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    Syria Peace Talks in Disarray After Iran Invite

    United Nations Secretary-General Ban Ki-moon says "intensive and urgent discussions are under way" around his invitation for Iran to join this week's peace talks on Syria.

    Mr. Ban told the U.N. Security Council Monday that he will have more to say on the subject later in the day. He announced the Iran invitation Sunday evening.

    Senior U.S. officials said Monday the invitation must be withdrawn unless Iran fully endorses the formation of a transitional government for Syria that would pave the way for democratic elections.

    Syria's main Western-backed opposition grouping said Iran must commit publicly by 1900 GMT to withdraw its "troops and militias" from Syria and abide by those terms, or the U.N. should withdraw the invitation.

    The Syrian National Coalition also threatened to boycott the Geneva 2 peace talks - scheduled to open Wednesday in Switzerland - unless Mr. Ban retracts his decision to invite Iran.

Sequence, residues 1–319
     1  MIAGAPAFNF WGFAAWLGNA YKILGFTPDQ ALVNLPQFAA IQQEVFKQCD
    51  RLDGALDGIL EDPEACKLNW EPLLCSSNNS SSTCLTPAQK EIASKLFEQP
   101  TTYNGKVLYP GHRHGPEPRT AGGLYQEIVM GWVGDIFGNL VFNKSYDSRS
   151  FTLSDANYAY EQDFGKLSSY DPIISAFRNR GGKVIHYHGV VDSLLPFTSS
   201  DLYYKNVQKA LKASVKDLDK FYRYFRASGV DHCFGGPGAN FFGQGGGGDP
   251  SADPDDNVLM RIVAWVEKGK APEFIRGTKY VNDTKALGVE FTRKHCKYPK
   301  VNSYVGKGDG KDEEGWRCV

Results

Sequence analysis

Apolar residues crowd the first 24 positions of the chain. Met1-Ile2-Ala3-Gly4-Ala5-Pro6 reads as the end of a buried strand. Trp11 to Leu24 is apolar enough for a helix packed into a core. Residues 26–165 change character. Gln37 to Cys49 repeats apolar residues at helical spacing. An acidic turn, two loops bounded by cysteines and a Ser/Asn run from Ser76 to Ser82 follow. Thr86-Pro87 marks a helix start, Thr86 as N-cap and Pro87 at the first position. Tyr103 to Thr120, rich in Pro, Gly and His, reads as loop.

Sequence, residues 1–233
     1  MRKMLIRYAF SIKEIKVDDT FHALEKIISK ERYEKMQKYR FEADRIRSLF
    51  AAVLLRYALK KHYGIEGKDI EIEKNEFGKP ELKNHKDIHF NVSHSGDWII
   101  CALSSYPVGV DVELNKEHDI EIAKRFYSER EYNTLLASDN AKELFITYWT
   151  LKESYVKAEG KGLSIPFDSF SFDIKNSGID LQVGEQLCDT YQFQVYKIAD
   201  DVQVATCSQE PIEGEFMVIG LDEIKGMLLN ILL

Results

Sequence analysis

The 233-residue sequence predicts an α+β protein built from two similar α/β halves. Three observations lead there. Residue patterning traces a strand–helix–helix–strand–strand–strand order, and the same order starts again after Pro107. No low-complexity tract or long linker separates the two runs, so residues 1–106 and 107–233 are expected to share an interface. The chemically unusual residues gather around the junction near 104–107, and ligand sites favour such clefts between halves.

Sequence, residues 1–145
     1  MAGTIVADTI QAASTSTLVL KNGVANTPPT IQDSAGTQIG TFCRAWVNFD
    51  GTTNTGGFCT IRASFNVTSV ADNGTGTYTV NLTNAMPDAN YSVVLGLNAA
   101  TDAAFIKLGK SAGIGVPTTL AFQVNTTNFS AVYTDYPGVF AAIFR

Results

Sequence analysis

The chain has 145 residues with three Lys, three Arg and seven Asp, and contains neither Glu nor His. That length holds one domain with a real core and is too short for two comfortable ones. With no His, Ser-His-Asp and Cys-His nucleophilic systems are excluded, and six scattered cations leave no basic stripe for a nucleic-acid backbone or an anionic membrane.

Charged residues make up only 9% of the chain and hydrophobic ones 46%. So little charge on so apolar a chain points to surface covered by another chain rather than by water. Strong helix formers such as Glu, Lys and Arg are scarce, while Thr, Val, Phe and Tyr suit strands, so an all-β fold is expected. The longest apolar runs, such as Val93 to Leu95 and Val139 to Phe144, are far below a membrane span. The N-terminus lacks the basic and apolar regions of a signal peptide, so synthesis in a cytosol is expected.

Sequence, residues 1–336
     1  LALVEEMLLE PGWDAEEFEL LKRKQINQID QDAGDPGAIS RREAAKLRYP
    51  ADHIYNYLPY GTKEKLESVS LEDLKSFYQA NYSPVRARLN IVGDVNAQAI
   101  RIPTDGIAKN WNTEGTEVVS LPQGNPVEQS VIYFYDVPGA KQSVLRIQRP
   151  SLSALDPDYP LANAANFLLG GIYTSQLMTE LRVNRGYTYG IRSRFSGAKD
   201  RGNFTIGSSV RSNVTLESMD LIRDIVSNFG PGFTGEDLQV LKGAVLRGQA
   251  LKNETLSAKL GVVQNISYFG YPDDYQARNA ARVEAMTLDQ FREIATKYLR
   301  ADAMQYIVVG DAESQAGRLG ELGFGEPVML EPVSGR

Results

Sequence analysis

France and Saudi Arabia joined the United States in rejecting Iran's participation in the talks unless Tehran publicly agreed to help to establish a transitional government for Syria with full executive powers.

    Mr. Ban indicated his invitation to Tehran came after he had received assurances from Iranian Foreign Minister Javad Zarif that Iran had accepted that premise.

    But Iran's ISNA news agency quoted Zarif's deputy Monday as saying Iran's participation did not mean it backed a plan for Syria's political transition agreed at a Geneva conference in June 2012.

    Deputy Foreign Minister Hosein Amirabdollahian said acceptance of the so-called Geneva 1 agreement as a condition for attending Geneva 2 "is rejected and unacceptable." He said Iran would attend the talks "without any preconditions."

    The U.S. and its allies say Iran has provided substantial military and economic support for Syrian President Bashar al-Assad and that the Geneva 1 plan means he would have to step down.

    Mr. Assad told the French news agency in an interview published Monday there is a "significant" chance he will run again for president, and that he will not hesitate to do so if the public supports his candidacy.

    Syria has said the issue of Mr. Assad giving up power is not up for discussion at the peace talks, so few experts expect the negotiations will reach this goal. But they say they do hope the discussions will result in increased humanitarian access and local cease-fires to make life easier for Syrian civilians.

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